|Today, we tagged Dr. Alan Kay|
1. Dr. Kay, when did you first discover your love for technology?
I can’t remember when I wasn’t fascinated by “the hip bone is connected to the thigh bone”, i.e. all kinds of causality in all kinds of systems. The non-specific children’s building toys of the 40s (like TinkerToy and Erector and Meccano) plus growing up on a “farm with books” put me in contact with a lot of real examples of causal systems and lots of ways (adults, reading, building, taking apart, etc.) to get more savvy about them.
2. How do you earn a living?
For a few years, I earned a living and college expenses playing jazz guitar, then gradually the majority income came from computer programming. In 1966 I went to grad school and started to earn my living by being sponsored to do research. This was easier in the late sixties and through the seventies when research funders understood the game, and has been more difficult since with funders who by in large do not understand how to fund research (and do not really understand how “research” differs from other technological pastimes).
3. What do you love most about your work?
It’s similar to other forms of art in which I’ve participated. The “stuff” (materials) and flow of ideas one encounters in a civilization create “itches that must be scratched” and “smells that must be followed”. The compulsive nature of this is one of its main properties, and it has nothing at all to do with any kind of compensation or reward, but the need to “scratch” and “sniff”. There is a tension that new ideas relieve.
However, nothing about the process guarantees that success will produce anything cosmically good or useful (think of a huge flea market as evidence for compulsions that produced enormous numbers of items of little artistic or pragmatic value). A tricky part of dealing with the compulsions is to also somehow set thresholds for “goodness” that are more than subjective. This results in a super-tension. The complex part of dealing with this is how to be super-critical about one’s ideas without sliding into immobilizing depression.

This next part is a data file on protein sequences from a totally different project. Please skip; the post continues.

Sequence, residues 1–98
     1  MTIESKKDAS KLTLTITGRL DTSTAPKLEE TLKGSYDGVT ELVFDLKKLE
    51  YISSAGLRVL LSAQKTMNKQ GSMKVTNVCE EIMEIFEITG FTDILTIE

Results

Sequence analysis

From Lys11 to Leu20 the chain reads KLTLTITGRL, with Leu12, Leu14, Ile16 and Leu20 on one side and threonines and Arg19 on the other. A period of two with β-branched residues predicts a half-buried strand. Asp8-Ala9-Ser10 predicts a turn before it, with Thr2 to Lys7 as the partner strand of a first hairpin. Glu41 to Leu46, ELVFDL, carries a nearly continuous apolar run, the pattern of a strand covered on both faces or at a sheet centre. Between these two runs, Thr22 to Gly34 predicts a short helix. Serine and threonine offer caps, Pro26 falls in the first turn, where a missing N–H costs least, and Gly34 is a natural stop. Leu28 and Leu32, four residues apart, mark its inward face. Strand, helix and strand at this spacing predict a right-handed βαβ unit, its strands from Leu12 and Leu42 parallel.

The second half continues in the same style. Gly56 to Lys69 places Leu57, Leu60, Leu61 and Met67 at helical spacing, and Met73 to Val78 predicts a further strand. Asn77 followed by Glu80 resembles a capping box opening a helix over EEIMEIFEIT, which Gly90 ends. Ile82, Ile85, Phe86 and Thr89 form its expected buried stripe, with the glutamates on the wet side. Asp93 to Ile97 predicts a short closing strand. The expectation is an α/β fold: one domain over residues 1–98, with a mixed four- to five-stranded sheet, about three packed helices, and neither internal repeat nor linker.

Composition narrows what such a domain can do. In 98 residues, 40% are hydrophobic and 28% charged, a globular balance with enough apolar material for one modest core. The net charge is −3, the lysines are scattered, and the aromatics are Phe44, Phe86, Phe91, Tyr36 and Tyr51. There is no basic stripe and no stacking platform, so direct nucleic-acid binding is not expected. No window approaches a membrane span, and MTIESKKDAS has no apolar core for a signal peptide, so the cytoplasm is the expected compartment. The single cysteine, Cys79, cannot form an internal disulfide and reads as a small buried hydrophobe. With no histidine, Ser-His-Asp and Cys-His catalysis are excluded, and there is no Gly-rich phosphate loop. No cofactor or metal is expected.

The “love” is quite like and is as intense as one’s feelings for one’s beloved, which in part is to want to merge with one’s love. I have a friend who is a glassblower and who once said that he would take a bite out of a glob of molten glass if he could. That is, he wants to become one with the glass. I understand what he means quite deeply.
4. What keeps you up at night?
Human beings stubbornly staying unaware, becoming ever more dangerous, and doing ever more dangerous things to themselves and their surrounds.
5. What do you do when you’re not working?
“Working” for me is fund raising for our research, and to a lesser extent dealing with the human factors associated with the group nature of computing research. Everything else has been and is real play, both in computing, music and my other interests. The key is to spend more time playing than working….
6. Youʼve looked in your crystal ball and have seen the future of enterprise IT. What does it look like?
Enterprise IT has changed very slowly over the years (and in some senses has not changed at all except for size). For a large variety of reasons it has always been disinclined to learn important things about computing and has eschewed the idea of taking control of its own destiny despite the enormous backing and resources available.
Contrast this with Xerox PARC in which the major technologies of today were invented in a few years by about two dozen researchers total, including designing and building all the hardware and software. This was relatively easy, very inexpensive, and produced a revolution in how computing can be done. It also earned Xerox about a factor of 100 in profit over its costs for PARC (10,000% ROI, which my business friends say is good).
Nonetheless I’m not aware of any company that is funding processes like those of PARC today. As Pogo said in a cartoon “We have met the enemy and they are us”. This is not likely to change anytime soon, since how businesses are trying to cope with situations that actually need new inventions, is making the situations worse, to which they respond with more coping instead of sponsoring much better ways to do things.
Bonus Question: If Stephen Spielberg was going to make a movie about your life, what would it be called?
Close Encounters of the Fourth Kind